So far the Convention has been ratified by only six countries around the world—Norway, Congo, France, Belgium, Panama and Denmark. It is expected that by 2018-19, many more countries will ratify the Convention, which would make it difficult for the non-certified yards at places like Alang to get new business.

The breaking and recycling of ships in India is supposed to follow the Shipbreaking Code 2013, issued by the Union ministry of shipping.However, the ministry itself had come under flak from environmental groups for not factoring in pollution. Consequently, the ministry issued amendments in 2016 that covered issues such as treatment of radioactive and hazardous waste material.

Patel’s father Mukesh started the Shree Ram Group in 1994. It has recycled close to 280 ships since then, and brings in ₹300 crore in revenues each year. He has spent ₹2.5 crore for one yard, and a little more for the other (which is bigger in size), to instal impermeable flooring in the front yard (where metal blocks from the ship first land) and backyard (where the blocks are cut into smaller pieces) to prevent soil and water contamination; a mechanism to use the hull of the ship as a safety net to prevent metal blocks falling into the sea; a high-tonnage crane to lift the blocks and bring them to shore; pipelines for transferring used ship oil; and high-quality safety gear and emergency response systems.

YS Investments has spent close to ₹13 crore on similar upgrades at one of their facilities, which has an annual turnover of ₹100 crore. “We are thinking about how our business will evolve over the next 10 years,” says Naeem Masani, 28, managing director of YS Investments. For the Masanis, their Alang yard is also a source of scrap steel for their steel rolling mills in Bhavnagar, and the used ship oil is utilised in the lubricants they manufacture.

In addition to the Hong Kong Convention, AP Moller-Maersk has made Shree Ram Group and YS Investments adhere to its own Responsible Ship Recycling Standards (RSRS), which prescribe additional safety measures under which its own experts stationed at the yards have the authority to stop work if they observe any lapses. AP Moller-Maersk has decided to sell two ships to Shree Ram Group and one to YS Invesments at a discount, and has committed a steady supply of ships to these facilities as long as they maintain their standards.

While the Hong Kong Convention doesn’t specifically address the working conditions for yard workers, AP Moller-Maersk and CNCo are trying to ensure that Masani and Patel construct International Labour Organization-compliant dormitories for workers as part of the overall facelift of their facilities.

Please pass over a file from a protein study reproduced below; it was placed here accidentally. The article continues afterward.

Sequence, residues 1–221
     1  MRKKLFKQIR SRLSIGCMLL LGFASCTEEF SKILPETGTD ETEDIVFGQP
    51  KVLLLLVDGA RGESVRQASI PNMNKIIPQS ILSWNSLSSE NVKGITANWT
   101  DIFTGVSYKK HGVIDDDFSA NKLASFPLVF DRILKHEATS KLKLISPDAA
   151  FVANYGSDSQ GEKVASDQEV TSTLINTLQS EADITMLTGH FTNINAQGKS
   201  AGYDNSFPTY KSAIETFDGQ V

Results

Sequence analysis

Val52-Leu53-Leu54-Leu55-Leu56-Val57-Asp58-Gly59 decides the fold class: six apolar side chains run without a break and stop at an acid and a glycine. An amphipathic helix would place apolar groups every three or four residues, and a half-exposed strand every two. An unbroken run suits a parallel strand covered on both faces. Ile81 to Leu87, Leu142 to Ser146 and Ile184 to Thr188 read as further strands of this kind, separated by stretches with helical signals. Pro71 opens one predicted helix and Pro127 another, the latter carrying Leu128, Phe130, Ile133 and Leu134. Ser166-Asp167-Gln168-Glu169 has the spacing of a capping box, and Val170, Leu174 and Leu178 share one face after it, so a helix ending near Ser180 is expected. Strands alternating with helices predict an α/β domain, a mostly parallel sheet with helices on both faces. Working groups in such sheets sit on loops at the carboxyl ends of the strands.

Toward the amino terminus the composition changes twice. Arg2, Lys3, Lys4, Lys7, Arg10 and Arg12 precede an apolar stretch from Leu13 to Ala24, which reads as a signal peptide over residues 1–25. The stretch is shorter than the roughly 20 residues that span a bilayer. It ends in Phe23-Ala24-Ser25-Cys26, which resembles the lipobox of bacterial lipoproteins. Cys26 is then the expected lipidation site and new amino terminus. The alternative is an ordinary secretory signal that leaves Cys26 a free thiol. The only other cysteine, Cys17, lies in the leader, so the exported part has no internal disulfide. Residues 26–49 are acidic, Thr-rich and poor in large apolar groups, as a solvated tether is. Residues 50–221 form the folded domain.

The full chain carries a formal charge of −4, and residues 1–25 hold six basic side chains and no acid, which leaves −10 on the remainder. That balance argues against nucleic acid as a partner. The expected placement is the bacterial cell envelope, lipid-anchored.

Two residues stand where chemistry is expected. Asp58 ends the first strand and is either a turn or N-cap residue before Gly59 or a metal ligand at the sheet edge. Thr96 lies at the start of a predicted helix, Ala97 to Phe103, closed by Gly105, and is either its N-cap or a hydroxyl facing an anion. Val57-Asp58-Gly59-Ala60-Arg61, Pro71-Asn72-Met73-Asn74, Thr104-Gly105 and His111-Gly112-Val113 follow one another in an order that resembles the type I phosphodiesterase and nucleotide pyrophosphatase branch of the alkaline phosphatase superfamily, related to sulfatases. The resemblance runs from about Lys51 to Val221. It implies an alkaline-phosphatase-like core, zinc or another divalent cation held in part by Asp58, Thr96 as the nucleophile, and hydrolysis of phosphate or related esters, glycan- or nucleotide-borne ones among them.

The next goal for Patel is to get his yards certified according to EU’s standards, so that he can then buy retired ships from European shipping lines (the EU Ship Recycling Regulation of 2013 require EU-flag ships to be recycled only at facilities they recognise).

But even as Patel aims to further improve his yard, a canister of chemical falls into the ocean from a ship at a yard next to his. The chemical fumes rising from the water serve as a grim reminder that while a beginning has been made to redeem Alang, more needs to be done to break old mindsets and not just ships.

Source: forbes india. 20 September 2017

20 September 2017

Ship breaking zoning in CBRM (Cape Breton Regional Municipality) questioned

Northside councillor wants facilities ‘listed in black and white’

SYDNEY, N.S. - There will be no ship breaking in North Sydney

That was the word from CBRM planning director Malcolm Gillis after Dist. 2 Coun. Earlene MacMullin questioned whether municipal zoning permitted such activity at the Canadian Marine Engineering ship repair yard located on the Northside waterfront.


MacMullin said her confusion on the issue stemmed from a 2016 Transport Canada report that listed CME’s North Sydney location as a site where ship breaking could be carried out on steel-hulled vessels up to 2,500 tonnes.

“That’s what prompted me to ask what was going on, so when I asked the question Malcolm Gillis of the planning department responded in an email that CBRM zoning doesn’t allow it, but unfortunately later that same day I got another call from someone inside saying that they can (break ships in North Sydney),” said MacMullin, who added she felt compelled to get clarification on the matter during this week’s council meeting.

Gillis reiterated his initial response stating again that Cape Breton Regional Municipality zoning does not allow ship breaking at CME’s North Sydney facility.

Although the question was answered, MacMullin still insisted on a staff report on the issue.

“Originally, I was seeking clarification for the North Sydney CME facility … I figured I would ask for it all as it would clear up any issues for fellow councillors further down the road. As a result of this staff paper we will have it listed in black and white what facilities can and cannot (handle ship breaking),” she said.

Earlier this month it was announced that Marine Recycling Corp. had won a $12.6-million federal contract to dismantle two former Canadian Navy ships. The work on the HMCS Preserver and the former research vessel CFAV Quest is to be carried out at Sydport Industrial Park in Edwardsville. The former is docked at Sydport, while the latter has yet to arrive.

Source: cape breton post. 16 August 2017